All About Brussels Sprouts

Origins, how to grow, and varieties of Brussels sprouts you should consider in your next vegetable garden.


| January/February 2016



Brussels sprouts

Be patient with your brussels sprouts crop, and harvest from the bottom up.

Photo by Terry Wild Stock

Brussels sprouts (Brassica oleracea var. gemmifera) are one of those vegetables that people either seem to love or detest. Perhaps they produce strong negative reactions because they are equated with miniature cabbages. When overcooked or produced from a plastic bag from the freezer, they tend to lose some of their luster and can be a sorrowful soggy mess. But plucked directly from the garden after being tinged with a frost to enhance their sweetness, they are at their finest. Today one can find brussels sprouts in markets fresh on the stalk, bagged or loose.

I like these delectables halved and oven roasted on their own, with pecans or walnuts, with other fall root vegetables, pan roasted with garlic, or lightly steamed and served with butter or olive oil. Properly prepared, neither their texture nor taste is like that of the cabbage.

Botanically speaking

Brussels sprouts are part of that wide ranging food plant family, the Brassicaceae or Cruciferae, which provides our table with vegetables like radishes, mustard greens, turnips, rutabagas, arugula, Chinese cabbage, broccoli rabe and watercress.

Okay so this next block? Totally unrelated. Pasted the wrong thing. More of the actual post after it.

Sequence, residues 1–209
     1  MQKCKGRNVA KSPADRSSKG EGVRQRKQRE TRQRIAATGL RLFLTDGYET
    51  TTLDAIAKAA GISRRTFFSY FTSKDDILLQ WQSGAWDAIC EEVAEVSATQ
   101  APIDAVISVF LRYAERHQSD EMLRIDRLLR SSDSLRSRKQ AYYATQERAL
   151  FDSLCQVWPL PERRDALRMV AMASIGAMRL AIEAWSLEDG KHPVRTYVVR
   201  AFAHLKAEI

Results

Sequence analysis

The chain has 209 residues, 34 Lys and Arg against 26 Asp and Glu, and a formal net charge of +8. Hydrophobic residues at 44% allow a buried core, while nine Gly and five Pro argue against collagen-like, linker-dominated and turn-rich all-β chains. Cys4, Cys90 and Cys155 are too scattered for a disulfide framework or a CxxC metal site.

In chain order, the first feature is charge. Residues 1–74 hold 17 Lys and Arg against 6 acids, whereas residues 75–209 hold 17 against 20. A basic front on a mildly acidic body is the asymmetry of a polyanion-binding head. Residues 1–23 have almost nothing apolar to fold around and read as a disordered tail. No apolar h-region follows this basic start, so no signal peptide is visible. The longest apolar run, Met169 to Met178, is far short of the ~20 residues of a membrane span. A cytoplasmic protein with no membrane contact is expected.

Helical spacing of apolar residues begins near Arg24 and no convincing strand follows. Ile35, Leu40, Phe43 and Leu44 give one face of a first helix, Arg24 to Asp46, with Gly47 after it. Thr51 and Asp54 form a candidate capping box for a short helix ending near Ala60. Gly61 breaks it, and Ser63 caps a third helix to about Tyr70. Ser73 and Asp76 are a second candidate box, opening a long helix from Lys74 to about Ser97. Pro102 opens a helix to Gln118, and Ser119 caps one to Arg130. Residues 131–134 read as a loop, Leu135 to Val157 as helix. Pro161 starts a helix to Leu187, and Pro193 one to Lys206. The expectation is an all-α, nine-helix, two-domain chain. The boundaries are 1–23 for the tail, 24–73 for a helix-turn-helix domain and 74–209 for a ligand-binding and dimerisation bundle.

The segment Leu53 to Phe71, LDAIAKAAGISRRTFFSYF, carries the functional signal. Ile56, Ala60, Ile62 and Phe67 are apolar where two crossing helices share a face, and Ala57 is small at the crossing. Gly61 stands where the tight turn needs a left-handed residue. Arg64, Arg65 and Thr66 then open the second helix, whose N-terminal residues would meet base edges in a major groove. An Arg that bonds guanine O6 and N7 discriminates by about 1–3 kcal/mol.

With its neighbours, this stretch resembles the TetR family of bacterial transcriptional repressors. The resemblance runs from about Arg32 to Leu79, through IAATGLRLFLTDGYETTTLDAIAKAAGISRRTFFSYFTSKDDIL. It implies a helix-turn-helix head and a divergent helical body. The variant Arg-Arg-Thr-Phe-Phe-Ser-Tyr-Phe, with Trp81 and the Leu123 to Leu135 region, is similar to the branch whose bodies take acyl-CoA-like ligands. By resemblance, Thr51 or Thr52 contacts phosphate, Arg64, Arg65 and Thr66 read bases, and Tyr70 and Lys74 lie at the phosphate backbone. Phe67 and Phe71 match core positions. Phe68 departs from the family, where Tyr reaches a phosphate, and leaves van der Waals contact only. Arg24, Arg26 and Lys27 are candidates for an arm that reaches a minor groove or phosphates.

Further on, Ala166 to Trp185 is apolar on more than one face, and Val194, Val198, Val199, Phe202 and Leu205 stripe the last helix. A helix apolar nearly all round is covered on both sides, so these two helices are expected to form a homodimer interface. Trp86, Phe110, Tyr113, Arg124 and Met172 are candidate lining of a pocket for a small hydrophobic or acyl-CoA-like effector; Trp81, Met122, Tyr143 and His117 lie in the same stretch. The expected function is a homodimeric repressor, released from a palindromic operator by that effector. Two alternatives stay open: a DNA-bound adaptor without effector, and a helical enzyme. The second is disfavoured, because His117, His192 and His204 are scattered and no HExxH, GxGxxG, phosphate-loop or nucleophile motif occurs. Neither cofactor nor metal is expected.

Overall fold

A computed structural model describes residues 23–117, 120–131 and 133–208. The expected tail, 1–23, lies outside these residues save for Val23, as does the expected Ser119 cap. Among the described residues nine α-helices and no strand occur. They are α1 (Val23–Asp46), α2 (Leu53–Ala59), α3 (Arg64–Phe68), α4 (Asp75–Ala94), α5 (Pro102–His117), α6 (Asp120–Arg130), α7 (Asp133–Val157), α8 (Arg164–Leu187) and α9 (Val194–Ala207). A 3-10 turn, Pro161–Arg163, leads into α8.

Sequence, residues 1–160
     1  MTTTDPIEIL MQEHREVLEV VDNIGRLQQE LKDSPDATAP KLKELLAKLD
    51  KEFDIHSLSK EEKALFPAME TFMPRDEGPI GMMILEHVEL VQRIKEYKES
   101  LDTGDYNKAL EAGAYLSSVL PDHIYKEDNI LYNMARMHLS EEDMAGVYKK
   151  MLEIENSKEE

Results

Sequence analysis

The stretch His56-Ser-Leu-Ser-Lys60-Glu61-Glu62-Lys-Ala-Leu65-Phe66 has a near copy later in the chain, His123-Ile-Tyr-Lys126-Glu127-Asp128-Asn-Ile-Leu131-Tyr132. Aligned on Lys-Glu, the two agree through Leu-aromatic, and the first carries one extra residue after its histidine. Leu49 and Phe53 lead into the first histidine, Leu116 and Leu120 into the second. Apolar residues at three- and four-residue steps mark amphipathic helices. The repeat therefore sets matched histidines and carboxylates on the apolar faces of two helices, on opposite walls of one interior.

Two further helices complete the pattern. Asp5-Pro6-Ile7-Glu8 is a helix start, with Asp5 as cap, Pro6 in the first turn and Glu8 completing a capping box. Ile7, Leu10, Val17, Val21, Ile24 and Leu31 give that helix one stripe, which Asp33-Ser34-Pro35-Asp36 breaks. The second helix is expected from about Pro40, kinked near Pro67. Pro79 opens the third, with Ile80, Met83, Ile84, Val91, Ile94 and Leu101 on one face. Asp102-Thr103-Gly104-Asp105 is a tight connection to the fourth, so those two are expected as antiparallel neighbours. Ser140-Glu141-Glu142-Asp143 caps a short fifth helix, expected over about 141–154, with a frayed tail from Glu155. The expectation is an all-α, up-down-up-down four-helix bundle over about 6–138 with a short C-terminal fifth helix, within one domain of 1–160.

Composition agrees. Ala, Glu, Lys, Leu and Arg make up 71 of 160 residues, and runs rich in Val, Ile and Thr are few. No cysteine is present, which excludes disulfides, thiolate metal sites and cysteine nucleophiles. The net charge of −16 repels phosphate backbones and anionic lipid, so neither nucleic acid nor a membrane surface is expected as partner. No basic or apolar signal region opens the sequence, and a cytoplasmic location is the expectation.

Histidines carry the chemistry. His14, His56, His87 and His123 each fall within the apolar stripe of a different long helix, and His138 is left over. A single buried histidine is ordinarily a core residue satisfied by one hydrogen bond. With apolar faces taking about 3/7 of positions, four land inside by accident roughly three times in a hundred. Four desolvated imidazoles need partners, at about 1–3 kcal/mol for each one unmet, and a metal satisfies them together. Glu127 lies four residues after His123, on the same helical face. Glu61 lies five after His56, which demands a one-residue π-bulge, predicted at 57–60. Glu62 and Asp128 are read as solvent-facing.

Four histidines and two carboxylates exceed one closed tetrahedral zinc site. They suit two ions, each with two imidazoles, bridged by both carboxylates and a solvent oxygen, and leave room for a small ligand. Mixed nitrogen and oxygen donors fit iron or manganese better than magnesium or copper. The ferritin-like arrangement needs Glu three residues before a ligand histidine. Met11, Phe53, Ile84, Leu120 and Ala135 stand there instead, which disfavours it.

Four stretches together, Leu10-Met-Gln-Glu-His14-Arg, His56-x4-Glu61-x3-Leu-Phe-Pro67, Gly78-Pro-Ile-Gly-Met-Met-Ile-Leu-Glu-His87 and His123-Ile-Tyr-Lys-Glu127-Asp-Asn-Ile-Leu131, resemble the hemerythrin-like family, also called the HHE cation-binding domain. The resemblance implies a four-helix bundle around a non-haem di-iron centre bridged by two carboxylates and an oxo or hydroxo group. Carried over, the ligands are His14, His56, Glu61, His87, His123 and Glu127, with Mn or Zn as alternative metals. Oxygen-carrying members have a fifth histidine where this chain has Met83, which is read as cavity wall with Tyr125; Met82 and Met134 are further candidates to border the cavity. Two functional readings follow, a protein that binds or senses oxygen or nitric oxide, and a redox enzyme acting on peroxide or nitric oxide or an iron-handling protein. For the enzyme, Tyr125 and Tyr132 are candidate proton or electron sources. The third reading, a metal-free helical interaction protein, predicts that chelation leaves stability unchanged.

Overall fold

The family is named the Cruciferae because its four-parted flowers are in the shape of a cross, often white or yellow in color. The fruit is a silique, a two-parted pod, vaguely resembling a thin bean pod that separates into two parts divided by a membrane containing numerous dry seeds.

The list of food plants in the Brassicaceae incudes the cabbage group – Brassica oleracea, to which the brussels sprout, a relative newcomer, belongs. Brussels sprouts essentially arose from the same common wild plant ancestor as kale, collards, broccoli and cabbage. The wild brassica parent originates in coastal limestone cliff areas around southern Britain, western France and northwestern Spain where they still grow. Short-lived perennials, they can occur in large patches. Some populations have interbred with closely related species from southern Europe. Further complicating their story, wild populations have crossbred with their domesticated offspring such as kale. Like most of its domesticated cousins, brussels sprouts are biennials, blooming after an extended cold period.

Each of these plants has been bred or selected for a particular physical trait – kale for leaves, kohlrabi for its swollen stem, broccoli for its flower buds – and each is considered a separate group, although all can interbreed. Cabbage and brussels sprouts were both selected for their buds: in cabbage it is a single terminal bud, the cabbage head, while in brussels sprouts it is a series of lateral buds, the “sprouts.” It is likely that the first brussels sprouts were the result of mutation.





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